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Real-world impact of flaring on patient-reported outcomes and healthcare resource utilisation in systemic lupus erythematosus


1, 2, 3, 4, 5, 6, 7, 8, 9

 

  1. Brigham and Women’s Hospital, Boston, MA, USA.
  2. Adelphi Real World, Bollington, UK. ben.hoskin@adelphigroup.com
  3. Adelphi Real World, Bollington, UK.
  4. Adelphi Real World, Bollington, UK.
  5. Adelphi Real World, Bollington, UK.
  6. Global Commercial Strategy Organisation, Janssen, Horsham, PA, USA.
  7. Global Commercial Strategy Organisation, Janssen, Horsham, PA, USA.
  8. Global Commercial Strategy Organisation, Janssen, Horsham, PA, USA.
  9. University of Toronto, Toronto, Canada.

CER14972
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PMID: 34905485 [PubMed]

Received: 07/07/2021
Accepted : 15/11/2021
In Press: 10/12/2021

Abstract

OBJECTIVES:
We investigated the association of SLE flares with patient-reported outcomes (PRO) and healthcare resource utilisation (HCRU) using real-world data.
METHODS:
Rheumatologists from the USA, France, Germany, Spain, Italy provided demographic, clinical, and HCRU data for patients with SLE, who provided PRO data. “Flaring” was defined as ≥1 rheumatologist-reported flare in the past 12 months. Demographic/clinical data were analysed descriptively, and findings compared statistically by flaring status. Logistic regression estimated a propensity score for flaring based on ethnicity, disease duration, and severity at diagnosis. Propensity score-matched flaring and non-flaring patients were compared for their HCRU, PROs, income loss and treatment satisfaction.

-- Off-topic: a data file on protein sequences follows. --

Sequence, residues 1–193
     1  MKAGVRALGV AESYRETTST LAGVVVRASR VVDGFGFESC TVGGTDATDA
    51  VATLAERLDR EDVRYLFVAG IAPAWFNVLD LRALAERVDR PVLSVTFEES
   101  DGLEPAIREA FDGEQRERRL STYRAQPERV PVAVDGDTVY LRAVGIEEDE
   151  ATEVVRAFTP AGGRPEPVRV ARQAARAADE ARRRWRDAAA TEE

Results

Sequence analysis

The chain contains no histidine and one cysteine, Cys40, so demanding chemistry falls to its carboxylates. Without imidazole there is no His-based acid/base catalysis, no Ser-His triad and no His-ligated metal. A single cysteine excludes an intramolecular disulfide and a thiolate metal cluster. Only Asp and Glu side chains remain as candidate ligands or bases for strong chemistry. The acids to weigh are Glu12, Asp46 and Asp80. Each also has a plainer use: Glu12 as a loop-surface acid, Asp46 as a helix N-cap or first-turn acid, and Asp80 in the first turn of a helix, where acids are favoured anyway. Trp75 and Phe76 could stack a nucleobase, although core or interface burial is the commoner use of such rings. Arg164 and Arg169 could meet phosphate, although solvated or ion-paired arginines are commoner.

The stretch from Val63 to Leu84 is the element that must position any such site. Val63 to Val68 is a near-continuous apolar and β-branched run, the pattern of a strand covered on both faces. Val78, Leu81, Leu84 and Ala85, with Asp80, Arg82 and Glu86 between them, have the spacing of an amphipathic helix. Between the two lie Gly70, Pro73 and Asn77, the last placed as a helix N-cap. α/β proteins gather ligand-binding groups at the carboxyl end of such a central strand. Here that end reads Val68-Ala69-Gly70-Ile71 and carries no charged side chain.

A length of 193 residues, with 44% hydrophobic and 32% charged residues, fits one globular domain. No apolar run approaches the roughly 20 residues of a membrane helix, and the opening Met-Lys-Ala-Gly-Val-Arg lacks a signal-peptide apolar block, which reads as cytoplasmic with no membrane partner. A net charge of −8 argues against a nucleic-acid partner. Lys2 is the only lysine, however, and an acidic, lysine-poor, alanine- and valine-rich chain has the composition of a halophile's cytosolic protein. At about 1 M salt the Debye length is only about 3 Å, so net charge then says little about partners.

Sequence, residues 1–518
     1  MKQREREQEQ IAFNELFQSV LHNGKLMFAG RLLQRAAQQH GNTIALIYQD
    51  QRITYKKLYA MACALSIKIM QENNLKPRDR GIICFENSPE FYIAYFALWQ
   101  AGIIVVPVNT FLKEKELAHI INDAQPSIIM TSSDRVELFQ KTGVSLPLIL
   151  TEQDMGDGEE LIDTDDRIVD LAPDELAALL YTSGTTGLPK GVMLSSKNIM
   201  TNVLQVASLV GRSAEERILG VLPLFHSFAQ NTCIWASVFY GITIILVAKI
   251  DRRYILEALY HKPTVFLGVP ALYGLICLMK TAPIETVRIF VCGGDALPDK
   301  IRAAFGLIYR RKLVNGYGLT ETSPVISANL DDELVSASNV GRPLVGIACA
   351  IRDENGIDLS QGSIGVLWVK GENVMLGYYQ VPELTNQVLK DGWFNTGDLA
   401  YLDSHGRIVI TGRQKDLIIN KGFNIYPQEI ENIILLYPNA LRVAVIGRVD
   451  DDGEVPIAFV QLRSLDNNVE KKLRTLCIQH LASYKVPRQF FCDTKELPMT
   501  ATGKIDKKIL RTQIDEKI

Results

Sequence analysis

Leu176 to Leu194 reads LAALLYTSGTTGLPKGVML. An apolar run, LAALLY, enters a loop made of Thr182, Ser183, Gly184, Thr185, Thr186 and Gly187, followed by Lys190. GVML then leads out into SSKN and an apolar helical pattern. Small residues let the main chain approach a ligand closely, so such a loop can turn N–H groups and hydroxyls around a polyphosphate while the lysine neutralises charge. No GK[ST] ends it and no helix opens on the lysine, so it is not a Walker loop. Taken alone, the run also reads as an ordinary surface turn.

RESULTS:
Physicians (n=263) provided data for 1,278 patients (408 flaring/870 non-flaring); 729 patients (241 flaring/488 non-flaring) provided matched patient data. Patients had a mean 2.1 flares in the previous 12 months. Propensity score matched analyses indicated worse outcomes and greater HCRU in the past 12 months in flaring than non-flaring patients: EuroQoL 5D-3L Utility Index: 0.72 vs. 0.83; Functional Assessment of Chronic Illness Therapy-Fatigue scale: 30.06 vs. 36.48; Work Productivity and Activity Impairment Index: absenteeism 5.87% vs. 2.53% / presenteeism 33.44% vs. 19.16% / overall work impairment 35.98% vs. 20.66% / total activity impairment 42.47% vs. 30.23%; healthcare consultations (8.10 vs. 6.41), hospitalisations (24.26 vs. 7.63), emergency department visits (20.83 vs. 4.19), tests (46.59 vs. 38.90); current medications (2.76 vs. 2.19) (all p<0.001 except absenteeism, p=0.004).
CONCLUSIONS:
Similar flaring SLE patients had worse PROs and higher HCRU than non-flaring patients, underscoring the need for more effective strategies and treatments to alleviate or prevent flaring.

DOI: https://doi.org/10.55563/clinexprheumatol/k9yyeq

Rheumatology Article

Rheumatology Addendum